There were times when I was teaching in school when I would get home exhausted, and at times frustrated as a result of something that happened during the day. However, I never truly felt like throwing in the towel and finding some other way of making a living. I knew the that for every bad day I had at school, there would be fifty or more good ones, and that I could never wish for a better job than that of being a teacher.
Whilst I had the occasional bad day at school I never experienced anything like the stress or the horrors that Ali Khan has faced. An article in yesterday’s Guardian newspaper (17th March), written by Louise Tickle described how, after hearing an explosion, Ali Khan arrived at the school where he taught in Charbagh Pakistan to find it destroyed. The Pakistan Taliban, determined to show their opposition to education and their overwhelming commitment to ignorance, had blown up the school, believing that they could terrorise the local population sufficiently to prevent them sending their children to receive an education. I can well imagine that parents in that area must have experienced many sleepless nights, wondering whether to be cowed by this dreadful act, or to stand in opposition to the murderous bullies.
The Taliban could not have reckoned with the determination of Ali Khan and his colleagues. All fifty two of the teachers from that school returned to work, setting up classes by sharing with another school and operating a shift system. Many of the children and families returned immediately for lesson, others took longer, understandably apprehensive of what might happen. Ali Khan stated that he did have worries himself about returning to work, but then decided:-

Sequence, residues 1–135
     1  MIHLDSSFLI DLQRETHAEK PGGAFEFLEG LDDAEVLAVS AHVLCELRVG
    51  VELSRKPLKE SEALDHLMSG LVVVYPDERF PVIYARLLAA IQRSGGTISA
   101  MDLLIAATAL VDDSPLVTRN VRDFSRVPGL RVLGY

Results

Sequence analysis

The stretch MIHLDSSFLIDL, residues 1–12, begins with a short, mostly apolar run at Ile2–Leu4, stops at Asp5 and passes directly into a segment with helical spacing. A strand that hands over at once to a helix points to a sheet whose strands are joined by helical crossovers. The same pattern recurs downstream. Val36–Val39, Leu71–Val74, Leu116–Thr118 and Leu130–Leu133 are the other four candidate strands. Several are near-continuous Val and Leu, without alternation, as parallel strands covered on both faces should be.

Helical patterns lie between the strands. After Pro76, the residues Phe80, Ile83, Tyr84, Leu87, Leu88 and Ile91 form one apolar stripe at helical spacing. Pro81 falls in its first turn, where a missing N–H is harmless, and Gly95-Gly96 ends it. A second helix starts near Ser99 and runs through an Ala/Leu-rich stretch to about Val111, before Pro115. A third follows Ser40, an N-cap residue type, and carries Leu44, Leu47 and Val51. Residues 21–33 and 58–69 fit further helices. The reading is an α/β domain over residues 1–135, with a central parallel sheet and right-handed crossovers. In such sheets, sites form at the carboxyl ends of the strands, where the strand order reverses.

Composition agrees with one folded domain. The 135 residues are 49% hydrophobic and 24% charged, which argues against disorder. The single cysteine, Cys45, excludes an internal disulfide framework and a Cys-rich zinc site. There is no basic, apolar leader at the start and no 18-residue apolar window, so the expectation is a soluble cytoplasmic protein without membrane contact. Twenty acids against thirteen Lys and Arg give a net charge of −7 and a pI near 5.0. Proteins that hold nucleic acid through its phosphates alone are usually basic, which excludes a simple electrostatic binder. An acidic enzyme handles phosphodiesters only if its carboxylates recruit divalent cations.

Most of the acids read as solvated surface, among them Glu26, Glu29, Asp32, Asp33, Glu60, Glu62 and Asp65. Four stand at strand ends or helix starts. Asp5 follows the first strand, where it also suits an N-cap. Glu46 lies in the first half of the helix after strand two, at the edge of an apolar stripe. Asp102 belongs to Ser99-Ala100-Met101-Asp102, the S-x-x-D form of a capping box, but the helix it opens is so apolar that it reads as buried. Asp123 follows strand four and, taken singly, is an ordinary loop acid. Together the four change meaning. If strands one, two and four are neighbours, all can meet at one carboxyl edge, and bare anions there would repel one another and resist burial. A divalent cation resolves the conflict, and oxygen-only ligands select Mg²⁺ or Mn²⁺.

“I was born a teacher, and I will die in the profession because of my passion for educating children.”
The courage of teachers like Ali Khan is incredible, and fortunately the majority of us who have the privilege to work in education will never have to confront such situations. However, Ali Khan’s story is sadly far from unique. The Global Coalition to Protect Education from Attack (GCPEA) report that schools in seventy countries came under assault between 2009 and 2014. It is hard to imagine the courage required by teachers and children to continue in education in such circumstances. I am not sure that I could be this brave.
This coming June the Norwegian Government will being leading a move to afford schools the same status as hospitals, as sacrosanct spaces during periods of armed conflict. This initiative is receiving support from many other agencies working for child protection and children’s rights. The United Nations special envoy on global education, former UK Prime Minister Gordon Brown, is also joining this campaign, and has asked governments around the world to make a commitment to changing the current situation.
For those of us who work in comfortable educational situations it is difficult to conceive of what we can do from our positions of privilege. The Global Coalition to Protect Education from Attack recognises this dilemma, but believes that the weight of public opinion could be important in exerting the pressure required to ensure that governments back the proposed changes to current legislation. To this end they have launched a petition under the banner, Stand Up for School. This declares:-
“We, the world’s youth, teachers, parents and global citizens appeal to our governments to keep their promise, made at the United Nations in 2000, to ensure all out-of-school children gain their right to education before the end of 2015.
We are standing up to bring an end to the barriers preventing girls and boys from going to school, including forced work and early marriage, conflict and attacks on schools, exploitation and discrimination. All children deserve the opportunity to learn and achieve their potential”.
I am quite sure that Ali Khan will be hoping that such sentiments result in action.
The petition can be found at:-